A PYMNTS Company

Response to the Subcommittee on Antitrust, Commercial, and Administrative Law Committee on the Judiciary, U.S. House of Representatives

 |  June 10, 2020

By Timothy J. Muris (George Mason University)

To assist in its investigation of competition in the digital marketplace, the Judiciary Committee invited comments on topics relevant to that investigation. This response contains four sections. The first briefly describes my background and explains that I support aggressive antitrust enforcement when it will in fact benefit consumers. My experience in antitrust spans nearly five decades as a student, professor, scholar, enforcer, expert, consultant, and practitioner. I have served in multiple government positions, including at the Federal Trade Commission as Director of both enforcement bureaus — the only person ever to hold both jobs — as well as Chairman from 2001 to 2004. This section rebuts recent claims that applying the methodology underlying modern law, known as the consumer welfare standard, prevents an aggressive, pro-consumer Antitrust policy, particularly under Republicans. The two periods when I was most responsible for FTC antitrust enforcement — the mid-1980s and the beginning of this century — were the most active in the last 40 years using the FTC’s administrative procedures to attack a wide variety of anticompetitive practices ranging from those in healthcare and in professional associations, to the misuse of the machinery of government to harm competition, to preventing anticompetitive increases in energy prices. With respect to a topic of particular current interest, while Chairman the FTC filed four cases alleging single-firm monopolization over three years — an unusually high rate of activity in this very resource-intensive area of the law. For example, in one case, against the oil company Unocal, we successfully lowered the gas price at the pump for all California consumers.

The next section addresses the adequacy of existing laws regarding monopolization and anticompetitive transactions, questions that implicate the heart of the current debate on how antitrust law has been interpreted and enforced for decades using the consumer welfare standard. That standard, based in sound economic analysis, and its companion holding by American courts that the purpose of antitrust law is to protect consumers, not competitors, has been crucial to avoiding the many mistakes of antitrust’s past — especially a “big is bad” animus that too often lead the law and agencies astray. Because today’s critics ignore the mistakes of that past, I discuss them here, especially how the protection of competitors and not competition, as reflected in the Robinson-Patman Act (“RPA”), not only was one of antitrust’s worst mistakes, but also how RPA and the Justice Department’s long war against the then largest retailer in America, the Great Atlantic and Pacific Tea Company (A&P), poisoned antitrust for decades to the great detriment of American consumers. Sensible application of the consumer welfare standard would have avoided those catastrophes.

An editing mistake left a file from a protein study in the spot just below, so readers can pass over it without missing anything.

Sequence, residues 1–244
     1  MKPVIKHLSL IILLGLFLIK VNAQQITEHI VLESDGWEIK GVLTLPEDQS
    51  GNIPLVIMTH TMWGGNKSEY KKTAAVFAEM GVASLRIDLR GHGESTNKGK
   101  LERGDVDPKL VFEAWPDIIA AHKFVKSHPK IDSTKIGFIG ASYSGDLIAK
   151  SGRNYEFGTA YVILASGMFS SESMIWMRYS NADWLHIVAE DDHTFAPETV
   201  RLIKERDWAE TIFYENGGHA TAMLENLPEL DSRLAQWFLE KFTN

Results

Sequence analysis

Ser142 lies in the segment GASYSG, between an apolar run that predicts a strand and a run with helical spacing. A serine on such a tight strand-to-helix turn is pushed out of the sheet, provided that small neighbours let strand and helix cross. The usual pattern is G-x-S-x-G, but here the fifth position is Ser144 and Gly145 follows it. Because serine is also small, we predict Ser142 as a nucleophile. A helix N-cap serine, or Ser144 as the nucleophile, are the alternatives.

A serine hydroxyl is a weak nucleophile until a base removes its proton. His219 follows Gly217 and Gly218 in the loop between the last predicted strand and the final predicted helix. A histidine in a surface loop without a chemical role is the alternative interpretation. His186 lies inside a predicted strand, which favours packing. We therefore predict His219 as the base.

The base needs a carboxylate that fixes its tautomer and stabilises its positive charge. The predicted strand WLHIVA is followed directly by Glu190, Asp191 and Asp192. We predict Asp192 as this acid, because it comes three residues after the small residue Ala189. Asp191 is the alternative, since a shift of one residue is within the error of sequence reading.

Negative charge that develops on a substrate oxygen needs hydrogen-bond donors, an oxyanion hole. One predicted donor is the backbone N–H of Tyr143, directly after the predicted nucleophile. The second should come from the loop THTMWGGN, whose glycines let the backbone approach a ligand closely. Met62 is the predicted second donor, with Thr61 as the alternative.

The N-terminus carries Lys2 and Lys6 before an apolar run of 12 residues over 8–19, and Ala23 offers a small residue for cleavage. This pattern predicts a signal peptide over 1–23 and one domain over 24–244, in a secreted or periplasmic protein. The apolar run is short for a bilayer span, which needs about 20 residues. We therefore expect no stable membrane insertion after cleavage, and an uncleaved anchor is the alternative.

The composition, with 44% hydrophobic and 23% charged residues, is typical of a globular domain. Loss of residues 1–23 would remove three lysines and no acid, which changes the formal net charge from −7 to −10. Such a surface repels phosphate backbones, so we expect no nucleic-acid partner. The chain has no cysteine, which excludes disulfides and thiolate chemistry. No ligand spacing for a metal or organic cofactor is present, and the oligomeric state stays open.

Today’s critics base much of their hostility to the consumer welfare standard, and to the long-standing antitrust consensus that they seek to overthrow, on the claim that those associated with the University of Chicago seized control of antitrust law and remade it in their image. The next section shows that such arguments are bogus: many of the scholars who first helped antitrust escape the fallacies of the RPA and the associated crusade against A&P, although dedicated to the same pro-consumer use of economics that the consumer welfare standard demands, were not members of the so-called “Chicago school.” On the contrary, numerous scholars associated with Harvard, most notably Professor Phillip Areeda — an original author of the leading Antitrust treatise — and Supreme Court Justice Stephen Breyer have been at least as influential as those affiliated with Chicago in the development of modern antitrust law under the consumer welfare standard.

Finally, the last section addresses the continual need to address business practices as they evolve. Ever a UCLA Bruin, I remain devoted to legendary coach John Wooden‘s maxim that “when you are through learning, you are through.” The section offers multiple examples of successful, bipartisan FTC efforts to improve enforcement to the benefit of consumers. In the key healthcare sector, American consumers continue to benefit from the FTC’s hard work. After the government lost seven hospital merger challenges in the 1990s, upon my direction the FTC worked to devise a new enforcement plan by incorporating fresh economic thinking and issuing retrospective case studies showing that several hospital mergers had indeed harmed consumers. This plan resulted in a successful challenge to a consummated hospital merger that served as a template for future enforcement, leading to Obama administration victories in three separate courts of appeal endorsing the FTC’s approach. Such success did not require abandonment of the consumer welfare standard, nor a dramatic increase in agency resources. Indeed, my predecessor as FTC chairman, Bob Pitofsky, did much more for American consumers using the consumer welfare standard with just 1,000 staff than did the agency in the 1970s when it had far greater resources (1,800 staff by the turn of the decade), but was motivated by an antitrust policy that was, instead, at war with itself.

Continue Reading…